Students in Gloucester are turning up for their studies starving and homeless
TEENAGERS in Gloucester are turning up to their studies hungry and unsure if they will have a home to go back to.
Bridge Training Limited, in Archdeacon Street, helps young people gain qualifications and practical skills and has been catering for 16 to 18-year-olds for the past 25 years.
While many students have a secure home life, others are not so fortunate and it has been revealed that some are arriving at the centre having not eaten. And others are facing up to the possibility of being made homeless.
Sally Hammond, business manager at the centre, said: "When a lot of our students turn up, the first thing we have to do is make sure they are ready to learn.
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"Whereas in most schools and colleges the children can go straight in and get on with the day, we have to make sure our students have eaten, first and foremost.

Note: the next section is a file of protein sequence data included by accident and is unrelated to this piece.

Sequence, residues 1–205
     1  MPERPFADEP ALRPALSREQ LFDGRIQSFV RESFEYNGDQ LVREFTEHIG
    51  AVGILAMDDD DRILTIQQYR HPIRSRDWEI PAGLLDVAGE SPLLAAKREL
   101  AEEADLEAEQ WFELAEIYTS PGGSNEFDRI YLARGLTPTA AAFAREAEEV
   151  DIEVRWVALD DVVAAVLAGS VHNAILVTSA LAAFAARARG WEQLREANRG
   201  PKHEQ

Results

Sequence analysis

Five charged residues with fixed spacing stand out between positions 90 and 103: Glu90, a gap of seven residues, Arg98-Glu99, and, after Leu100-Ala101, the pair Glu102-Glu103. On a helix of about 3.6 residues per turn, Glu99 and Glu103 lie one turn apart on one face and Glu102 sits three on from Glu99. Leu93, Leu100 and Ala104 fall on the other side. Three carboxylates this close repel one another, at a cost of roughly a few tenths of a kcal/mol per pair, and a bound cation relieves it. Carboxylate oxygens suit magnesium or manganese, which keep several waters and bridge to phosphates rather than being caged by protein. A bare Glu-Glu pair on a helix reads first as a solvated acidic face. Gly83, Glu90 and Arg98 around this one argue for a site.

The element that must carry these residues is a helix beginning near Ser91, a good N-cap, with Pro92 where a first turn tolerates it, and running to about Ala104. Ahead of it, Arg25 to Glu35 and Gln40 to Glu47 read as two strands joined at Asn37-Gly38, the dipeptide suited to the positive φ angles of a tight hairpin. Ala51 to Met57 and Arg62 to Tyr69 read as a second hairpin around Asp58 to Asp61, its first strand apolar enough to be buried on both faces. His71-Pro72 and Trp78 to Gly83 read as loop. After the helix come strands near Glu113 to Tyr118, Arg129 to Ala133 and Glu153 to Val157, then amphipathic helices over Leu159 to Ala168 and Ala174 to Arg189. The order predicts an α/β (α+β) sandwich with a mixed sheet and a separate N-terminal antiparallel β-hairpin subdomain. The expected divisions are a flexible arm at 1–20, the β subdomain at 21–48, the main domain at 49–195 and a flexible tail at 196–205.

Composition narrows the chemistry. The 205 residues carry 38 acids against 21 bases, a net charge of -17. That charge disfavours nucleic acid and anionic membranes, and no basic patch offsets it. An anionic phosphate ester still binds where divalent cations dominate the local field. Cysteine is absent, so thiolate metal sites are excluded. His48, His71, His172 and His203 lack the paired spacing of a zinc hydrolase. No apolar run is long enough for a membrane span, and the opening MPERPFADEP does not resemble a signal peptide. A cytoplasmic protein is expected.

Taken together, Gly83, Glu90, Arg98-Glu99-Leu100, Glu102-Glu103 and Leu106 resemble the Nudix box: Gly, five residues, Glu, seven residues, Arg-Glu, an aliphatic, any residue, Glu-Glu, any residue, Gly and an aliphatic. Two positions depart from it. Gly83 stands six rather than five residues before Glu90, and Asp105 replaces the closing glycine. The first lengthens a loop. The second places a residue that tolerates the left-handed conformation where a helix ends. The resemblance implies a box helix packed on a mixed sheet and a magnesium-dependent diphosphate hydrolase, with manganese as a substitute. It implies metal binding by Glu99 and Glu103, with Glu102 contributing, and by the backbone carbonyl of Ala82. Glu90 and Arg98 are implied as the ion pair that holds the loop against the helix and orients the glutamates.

"We have had to buy toasters and we buy bread to give them breakfast. We make sure they have got Tesco vouchers, too, so they will at least have one decent meal a day. Last Friday we learned of one lad who had been handed an eviction notice and he has seven days to find somewhere new to live, so we're helping him with that, too."
She added: "Part of our job here is to make sure the students have got somewhere to live. We are much more than just a place where teenagers come to study and then they leave at the end of the day.
"I would say 10 per cent of our students live independently and require our help."
Demelza Trembath, 29, from St Oswald's, was a qualified car mechanic when she gave birth to her son at the age of 18.
When her son started school, she decided she needed a career that would fit more easily around him because he has attention deficit hyperactivity disorder and Asperger syndrome. She turned to the Bridge to study beauty therapy and is now looking to start her own business.
She said: "All of the people I was studying with were older and many had children like me, so understood what I wanted to achieve. They knew what it was like to do homework at 10pm when you've done the house jobs and put the children to bed."